28. K*tty says:

    Amen. Well put GBSmith.

  29. Ray Agostini says:

    JL Fuller:

    “No, Runtu isn’t one of those, even though there are quite a few around the Net. Maybe you should get to know him a bit better before making assessments?” Ray, go back and re-read everything I said. Can you find I said anything directed specifically against any individual? Don’t read something into what I said that isn’t there.

    No, you didn’t. And I was only giving you MY opinion of Runtu in reply to your previous question.

    This is what you asked Runtu:

    Since I don’t know anything about you I have no idea. I only found your site today. Are you onew of those off-the-wall crazy Mormon haters or do you merely have a different opinion and respectfully disagree?

    Well I told you what I know about him. You can take that as a second opinion (Runtu’s being the first).

  30. JLFuller says:

    So far no one here has taken me up on my request to provide links to former member blogs which do not discuss the Church using inflammatory language. Why is it then, if it is an intellectual decision to leave the Church, do we see such words as liars, evil, duped, deceptive, and other emotionally charged terms? Why do so many take the words of Church authorities and parse them taking them out of context or without foundation and then make patently false claims about what they really mean? If people make an intellectual decision about changing other things in their life do they use these terms in discussing their reasons for changing? Do Baptists who choose to become Methodists set up web sites to attack the Southern Baptist Convention? Is the SBC any less adamant about their version of Christianity than the LDS? Do we not see the SBC comment about the wrongness of certain other denominations, Catholicism and Judaism? Of course they do. But where are the anti-SBC websites and hate filled bloggers? I don’t claim they don’t exist. But if they do they are not in abundance. I have not observed any other phenomenon as passion-filled as former Mormons who express their displeasure with the LDS Church.

    So why did most former members leave the Church? I can’t make that judgment because I don’t have the data and the Church doesn’t publish it as far as I know. But of the people I am aware of, they left because they were excommunicated or had deviated so far from the teachings of the Church they just were not adherents to their covenants anymore. In other words, if they had it they lost it or they never had it to begin with. Does the Church willy-nilly go looking for people to toss out or are there other reasons for removing them from the rolls of the faithful?

    One other point; I have met a few former members who acknowledge that their lifestyle was not in keeping with Church doctrine and they understood why they were excommunicated. But they were more committed to their life style and preferred it to the Church. Many homosexuals belong to this group. Also, some choose to live with someone who is not their lawfully married spouse. And of course there is always the sex offender “who was just teaching the kids about sex”.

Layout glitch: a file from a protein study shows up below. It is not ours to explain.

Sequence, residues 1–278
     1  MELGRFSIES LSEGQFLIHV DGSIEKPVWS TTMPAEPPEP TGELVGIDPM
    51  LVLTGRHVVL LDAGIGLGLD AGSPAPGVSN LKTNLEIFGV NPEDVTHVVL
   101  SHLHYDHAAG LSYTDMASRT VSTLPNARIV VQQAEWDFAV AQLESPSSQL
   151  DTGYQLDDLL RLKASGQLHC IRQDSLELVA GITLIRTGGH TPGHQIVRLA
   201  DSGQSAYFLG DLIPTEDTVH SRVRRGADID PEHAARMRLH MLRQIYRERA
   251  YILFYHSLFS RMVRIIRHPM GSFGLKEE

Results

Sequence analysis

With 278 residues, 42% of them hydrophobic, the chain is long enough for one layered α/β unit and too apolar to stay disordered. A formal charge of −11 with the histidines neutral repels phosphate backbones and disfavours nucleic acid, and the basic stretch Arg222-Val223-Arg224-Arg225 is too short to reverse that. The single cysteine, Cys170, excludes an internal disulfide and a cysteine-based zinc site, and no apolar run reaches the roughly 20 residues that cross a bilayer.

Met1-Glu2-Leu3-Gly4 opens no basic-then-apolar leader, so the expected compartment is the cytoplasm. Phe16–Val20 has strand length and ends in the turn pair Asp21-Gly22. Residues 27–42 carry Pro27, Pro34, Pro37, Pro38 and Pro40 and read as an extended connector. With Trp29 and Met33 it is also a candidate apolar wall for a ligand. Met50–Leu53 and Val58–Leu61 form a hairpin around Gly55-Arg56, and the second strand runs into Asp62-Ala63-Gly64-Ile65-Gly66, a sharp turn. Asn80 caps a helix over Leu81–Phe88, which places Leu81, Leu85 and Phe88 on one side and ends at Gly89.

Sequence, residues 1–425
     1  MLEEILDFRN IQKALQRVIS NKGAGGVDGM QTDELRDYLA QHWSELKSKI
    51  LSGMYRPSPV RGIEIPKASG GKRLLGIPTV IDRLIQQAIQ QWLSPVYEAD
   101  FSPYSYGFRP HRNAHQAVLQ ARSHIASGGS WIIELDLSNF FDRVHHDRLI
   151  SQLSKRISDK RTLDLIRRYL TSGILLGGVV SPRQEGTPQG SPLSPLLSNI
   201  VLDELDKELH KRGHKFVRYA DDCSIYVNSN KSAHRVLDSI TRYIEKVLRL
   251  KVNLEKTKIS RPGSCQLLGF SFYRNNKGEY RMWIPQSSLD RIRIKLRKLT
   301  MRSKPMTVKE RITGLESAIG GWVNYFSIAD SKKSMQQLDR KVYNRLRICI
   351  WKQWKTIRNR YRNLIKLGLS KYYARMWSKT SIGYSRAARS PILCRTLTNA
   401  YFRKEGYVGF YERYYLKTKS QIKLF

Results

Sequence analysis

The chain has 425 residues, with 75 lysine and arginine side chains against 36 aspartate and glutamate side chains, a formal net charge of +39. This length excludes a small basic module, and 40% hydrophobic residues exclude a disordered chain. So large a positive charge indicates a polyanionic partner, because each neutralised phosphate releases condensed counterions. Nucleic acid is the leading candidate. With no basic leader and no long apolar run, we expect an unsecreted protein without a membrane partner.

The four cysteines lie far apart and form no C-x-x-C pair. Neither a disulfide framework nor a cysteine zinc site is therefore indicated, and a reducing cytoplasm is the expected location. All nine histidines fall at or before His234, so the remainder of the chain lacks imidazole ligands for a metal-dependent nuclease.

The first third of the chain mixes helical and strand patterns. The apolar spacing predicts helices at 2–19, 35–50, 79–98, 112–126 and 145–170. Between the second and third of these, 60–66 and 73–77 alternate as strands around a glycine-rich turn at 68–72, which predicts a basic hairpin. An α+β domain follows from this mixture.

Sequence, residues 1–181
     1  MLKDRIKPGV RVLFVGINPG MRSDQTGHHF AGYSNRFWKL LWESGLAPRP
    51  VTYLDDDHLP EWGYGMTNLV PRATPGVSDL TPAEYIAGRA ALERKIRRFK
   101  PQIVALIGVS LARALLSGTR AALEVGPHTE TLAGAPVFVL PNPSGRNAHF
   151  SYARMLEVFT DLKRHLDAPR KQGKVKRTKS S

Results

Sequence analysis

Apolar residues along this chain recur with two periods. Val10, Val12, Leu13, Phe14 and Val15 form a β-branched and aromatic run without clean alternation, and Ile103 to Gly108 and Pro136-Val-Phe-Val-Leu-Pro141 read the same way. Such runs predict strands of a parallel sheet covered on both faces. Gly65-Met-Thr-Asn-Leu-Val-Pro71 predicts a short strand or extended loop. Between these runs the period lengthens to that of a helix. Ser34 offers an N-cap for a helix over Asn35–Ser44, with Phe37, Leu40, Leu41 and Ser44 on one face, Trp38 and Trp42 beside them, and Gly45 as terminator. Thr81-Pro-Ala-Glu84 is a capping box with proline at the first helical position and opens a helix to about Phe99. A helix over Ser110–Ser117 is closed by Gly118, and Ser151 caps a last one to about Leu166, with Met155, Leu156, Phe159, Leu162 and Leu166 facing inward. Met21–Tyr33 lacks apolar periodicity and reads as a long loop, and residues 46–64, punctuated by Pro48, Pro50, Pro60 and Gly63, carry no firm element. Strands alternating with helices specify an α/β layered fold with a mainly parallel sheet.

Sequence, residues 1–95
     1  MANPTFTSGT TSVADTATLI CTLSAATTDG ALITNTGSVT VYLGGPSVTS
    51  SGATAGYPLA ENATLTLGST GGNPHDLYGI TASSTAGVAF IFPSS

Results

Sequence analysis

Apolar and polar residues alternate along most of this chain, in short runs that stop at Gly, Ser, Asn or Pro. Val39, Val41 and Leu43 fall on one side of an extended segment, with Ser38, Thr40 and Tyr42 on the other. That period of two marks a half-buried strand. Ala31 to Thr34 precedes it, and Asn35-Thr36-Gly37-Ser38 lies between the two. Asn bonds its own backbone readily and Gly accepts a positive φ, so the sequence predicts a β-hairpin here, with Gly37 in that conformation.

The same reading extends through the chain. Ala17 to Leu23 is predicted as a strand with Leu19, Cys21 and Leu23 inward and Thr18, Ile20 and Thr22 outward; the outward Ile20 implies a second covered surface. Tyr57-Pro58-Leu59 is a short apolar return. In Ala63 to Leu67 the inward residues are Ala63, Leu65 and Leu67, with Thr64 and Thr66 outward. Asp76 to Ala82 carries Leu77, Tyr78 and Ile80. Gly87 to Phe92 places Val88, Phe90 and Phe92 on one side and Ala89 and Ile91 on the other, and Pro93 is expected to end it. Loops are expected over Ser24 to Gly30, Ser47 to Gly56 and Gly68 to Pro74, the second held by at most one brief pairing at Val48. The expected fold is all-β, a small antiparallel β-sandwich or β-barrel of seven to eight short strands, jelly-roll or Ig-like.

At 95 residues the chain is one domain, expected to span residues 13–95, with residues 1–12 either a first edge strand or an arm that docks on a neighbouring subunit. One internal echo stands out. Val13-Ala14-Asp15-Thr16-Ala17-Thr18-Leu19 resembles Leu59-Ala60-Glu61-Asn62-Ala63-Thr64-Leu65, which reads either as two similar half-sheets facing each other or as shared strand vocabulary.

I had an encounter with a former seminary instructor who wanted to teach his version of the Gospel. This despite the fact he had been commissioned to teach the Church’s version. His justification was “intellectual honesty”. But when we got right down to it down, he wasn’t paying his tithing and couldn’t get a recommend and that put him in violation of the terms of his employment contract. He was placed on probation by the CES but his commitment to “intellectual honesty” required he leave the Church. The bottom line was he wanted to do it his way rather than the way he was being paid to do it and in violation of his contract. He would not conform to his supervisors directions. But rather than just leave Church employment, which doesn’t pay much by the way, and go find a better paying job, his pride was injured so he had to make a statement and left the Church. Of course that is his choice and no one denies it to him. Now he has a website where he berates Church leadership. Is there more to this story than he was telling? That is up to the reader to decide.

  31. runtu says:

    I think most of my blog links are to fairly noninflammatory exmo blogs. Have you looked at any of them?

    As for the rest of your comments, you pretty much repeat the standard “reasons why people leave” according to the church. Doesn’t sound like you’re particularly interested in knowing why we leave. It’s not that we wanted a different lifestyle, or we lied about what the brethen say, or we broke our covenants. I’ve explained why I left, and you so far have refused to engage anything I said.

    Edit: OK, Reformed Egyptian’s blog is pretty inflammatory. But the rest are just nice folks like me. Are you going to continue to lump us all in the crazy-ass Mormon-hater camp?

  32. sideon says:

    For the one true and special people, I would refrain from going to my blog because the words would make their eyes bleed. Those special people expect the worst from me… and I oblige.

    Runtu is one of the NICEST Exmo folks I’ve had the pleasure of meeting (albeit over the internets).

  33. I really liked what you had to say up until the last two paragraphs. I also have had this same experience where people assume that you must be a vile human being for leaving the church. Sadly, I can remember myself having these thoughts myself. What a shame.